Next microchip has an excellent series of application notes on BLDC motors here: www.microchip.com/stellent/idcplg?IdcService=SS_GET_PAGE&nodeId=1523 (http://www.microchip.com/stellent/idcplg?IdcService=SS_GET_PAGE&nodeId=1523)


Now what to do? Can't be that hard, it's only coils and magnets right.

Easy way out might be to get hold of a dedicated BLDC motor controler IC like this one from Texas Instruments focus.ti.com/lit/ds/symlink/uc2625.pdf (http://focus.ti.com/lit/ds/symlink/uc2625.pdf). There are many others. No idea where you would get them.

But as we like to do everything with a Propeller or two around here that seems like cheating.

I have understood that some motors like sine wave drive but I'm sure +ve DC, 0, -ve DC will drive these also, perhaps not to perfection.

So we need +ve and -ve DC supplies, say +/-12v and some way of switching them to the coils.

With that it is only necessary to program the Prop to generate the correct sequence of drive pulses.

Next we need some sensors to detect the motor position to get the drive pulse in sync. Three Hall effect devices seems to be traditional. Detecting the back EMF voltage of the "undriven" coils maybe a bit tricky.

You mention wanting to attach mirrors to you motor in the completed project. Well perhaps you could use light reflected from the rotating mirror(s) onto photo diodes as the position detectors. Did you know that LEDs also work as cheap photo diodes?

If you have the L293 perhaps you could try an experiment to drive the coils with only the positive supply. May not work so well but perhaps well enough.

Phil is right about probing the motor connections with an ohm meter. I did that once and you can easily see how the coils are connected.

@Phil: Never heard of detecting rotor position from the actual sector info, sounds like a neat idea but I'm not sure the sectors are necessarily in fixed positions wrt the motor. Soft sectors and all. I think they normally use the back EMF from the motor to do this. Which I guess the Prop could also do up to some speed limit. Sounds too hard for now.

Anyone got suggestions for the +/-12 volt drive circuitry?. Is there a chip around to do this?

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For me, the past is not over yet.

heater
01-07-2009, 03:58 AM
Just thinking: Leave the hard drive platter on the motor. It's very reflective so with some black sticky tape (or drill some holes) and three LEDs and photo diodes around makes a good position sensor. Also acts as a flywheel to smooth out the rotation.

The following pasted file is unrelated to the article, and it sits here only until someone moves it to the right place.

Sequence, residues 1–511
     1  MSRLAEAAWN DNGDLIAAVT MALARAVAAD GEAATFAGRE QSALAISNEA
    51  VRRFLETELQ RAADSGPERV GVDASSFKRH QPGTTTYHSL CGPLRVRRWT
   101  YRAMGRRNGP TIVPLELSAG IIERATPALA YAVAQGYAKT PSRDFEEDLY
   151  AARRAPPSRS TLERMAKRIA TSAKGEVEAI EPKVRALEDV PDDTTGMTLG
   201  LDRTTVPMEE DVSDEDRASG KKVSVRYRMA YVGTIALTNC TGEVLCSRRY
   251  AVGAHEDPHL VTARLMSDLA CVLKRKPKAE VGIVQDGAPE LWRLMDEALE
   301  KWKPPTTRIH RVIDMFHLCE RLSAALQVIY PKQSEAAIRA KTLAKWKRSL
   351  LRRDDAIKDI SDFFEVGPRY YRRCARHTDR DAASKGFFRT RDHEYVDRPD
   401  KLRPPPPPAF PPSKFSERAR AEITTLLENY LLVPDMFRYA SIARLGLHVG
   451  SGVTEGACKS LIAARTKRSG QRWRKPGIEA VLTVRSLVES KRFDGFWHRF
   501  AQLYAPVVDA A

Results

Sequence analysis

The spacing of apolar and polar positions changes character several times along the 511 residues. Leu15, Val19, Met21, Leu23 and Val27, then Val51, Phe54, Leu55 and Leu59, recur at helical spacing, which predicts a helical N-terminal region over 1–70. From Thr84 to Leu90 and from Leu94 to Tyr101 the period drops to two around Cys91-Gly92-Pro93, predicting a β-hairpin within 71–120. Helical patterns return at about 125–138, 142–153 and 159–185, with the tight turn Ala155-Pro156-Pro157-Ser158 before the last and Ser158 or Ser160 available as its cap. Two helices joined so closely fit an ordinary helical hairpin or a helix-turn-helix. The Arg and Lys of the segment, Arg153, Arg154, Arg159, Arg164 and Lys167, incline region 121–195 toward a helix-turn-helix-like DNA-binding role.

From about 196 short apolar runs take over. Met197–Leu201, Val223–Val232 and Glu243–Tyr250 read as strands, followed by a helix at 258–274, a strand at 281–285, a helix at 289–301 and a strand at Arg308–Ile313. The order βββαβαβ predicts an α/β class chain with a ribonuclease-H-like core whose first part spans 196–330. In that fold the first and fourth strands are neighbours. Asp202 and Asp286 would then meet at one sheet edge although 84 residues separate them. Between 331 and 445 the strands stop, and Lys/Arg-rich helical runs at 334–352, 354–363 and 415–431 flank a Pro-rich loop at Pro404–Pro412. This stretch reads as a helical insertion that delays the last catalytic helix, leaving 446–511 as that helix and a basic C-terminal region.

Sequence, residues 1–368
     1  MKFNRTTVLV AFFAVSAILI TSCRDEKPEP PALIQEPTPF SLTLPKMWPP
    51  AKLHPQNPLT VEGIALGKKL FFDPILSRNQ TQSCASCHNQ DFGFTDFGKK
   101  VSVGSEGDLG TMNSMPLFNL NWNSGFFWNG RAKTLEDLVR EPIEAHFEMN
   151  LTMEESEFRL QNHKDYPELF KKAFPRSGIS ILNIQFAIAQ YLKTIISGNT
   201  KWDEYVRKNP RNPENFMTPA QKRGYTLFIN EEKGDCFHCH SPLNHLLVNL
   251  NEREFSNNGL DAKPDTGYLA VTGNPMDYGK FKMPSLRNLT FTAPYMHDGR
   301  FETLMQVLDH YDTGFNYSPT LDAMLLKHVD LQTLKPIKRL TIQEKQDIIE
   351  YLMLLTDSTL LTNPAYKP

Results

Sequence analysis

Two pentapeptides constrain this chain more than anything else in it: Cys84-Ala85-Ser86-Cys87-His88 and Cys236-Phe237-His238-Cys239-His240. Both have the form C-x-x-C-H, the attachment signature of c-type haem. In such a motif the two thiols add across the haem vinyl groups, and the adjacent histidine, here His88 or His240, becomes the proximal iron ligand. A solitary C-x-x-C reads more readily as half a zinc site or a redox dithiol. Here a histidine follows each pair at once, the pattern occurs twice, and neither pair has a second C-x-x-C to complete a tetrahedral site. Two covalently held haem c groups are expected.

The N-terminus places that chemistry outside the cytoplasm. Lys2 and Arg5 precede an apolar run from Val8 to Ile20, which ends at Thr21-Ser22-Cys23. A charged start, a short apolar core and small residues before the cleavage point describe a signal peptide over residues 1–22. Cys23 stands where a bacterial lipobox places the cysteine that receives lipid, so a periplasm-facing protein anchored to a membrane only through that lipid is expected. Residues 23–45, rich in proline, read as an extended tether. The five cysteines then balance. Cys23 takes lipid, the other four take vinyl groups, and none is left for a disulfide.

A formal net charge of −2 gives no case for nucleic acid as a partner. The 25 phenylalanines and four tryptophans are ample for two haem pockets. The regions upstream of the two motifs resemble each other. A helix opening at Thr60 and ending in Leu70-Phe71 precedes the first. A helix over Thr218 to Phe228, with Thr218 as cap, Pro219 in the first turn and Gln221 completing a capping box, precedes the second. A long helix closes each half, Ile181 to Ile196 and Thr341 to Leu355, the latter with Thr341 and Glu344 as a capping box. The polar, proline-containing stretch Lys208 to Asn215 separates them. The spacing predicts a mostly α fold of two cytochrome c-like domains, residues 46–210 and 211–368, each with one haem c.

I feel a youtube video coming on!

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For me, the past is not over yet.

heater
01-07-2009, 04:19 AM
Here is a guy who has driven a hard drive motor with just a 555 a shift register and a L293D. Complete with video demonstration and other circuit ideas: letsmakerobots.com/node/2876 (http://letsmakerobots.com/node/2876) and http://letsmakerobots.com/node/2898[url]

We should be able to do better with bipolar drive, correct phasing and position feedback.

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For me, the past is not over yet.

gambrino
01-07-2009, 05:19 AM
Thanks alooot guys , i need time to read all this and i will reply later

heater
01-07-2009, 05:30 AM
I love Fig 4 of that ems_ch12_nt.pdf document. Just 3 transistors, three photo diodes and a light source and there it spins. I have to try that for fun.

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For me, the past is not over yet.

ErNa
01-07-2009, 05:50 AM
To start with BLDC it is better to have hall sensors. And therefor begin with the spindle drive of a CD-Drive. CD-drives have variable speed and therefor sensorless control of the motor is a very difficult task. And the CD's itself can have different diameter and momentum. For this reason, normally there are three hall sensors hidden under the rotor. The motor voltage should be a PWM-signal from 0 - 12 V

TreeLab
01-08-2009, 01:27 AM
Greetings All;
This discussion has been very useful for me; I have no experience with brushless motors, whatsoever. If a three-coil brushless motor is stopped with a single coil left energiezed, does this mean that the rotor wil end up in one of three possible positions? How accurate would this position be (for example, plus or minus ___ degrees)?

In the absence of significant friction, is there a pressing need for feedback control to regulate the rotation speed, or would frequency control of the three drive signals be adequate?

Cheers!

Paul Rowntree

heater
01-08-2009, 01:57 AM
@TreeLab, By "stopped" I guess you mean halting the progress of commutation control. So yes it will come to rest trying to point to the active pole.

I think that if there is any load on the motor that will prevent it from actually getting to the "pole position" as it were. So the accuracy may not be good.

Also some motors may have multiple sets of coils so there may be multiple rest positions for a single active pole, if you see what I mean.

In the absence of friction the thing might just get faster and faster until something breaks !

I've been thinking about speed control. Imagine the motor is turning at say 5000 rpm under some load. The controller is commutating at the same speed and in phase. Now we increase the load. What happens? What do we do about it?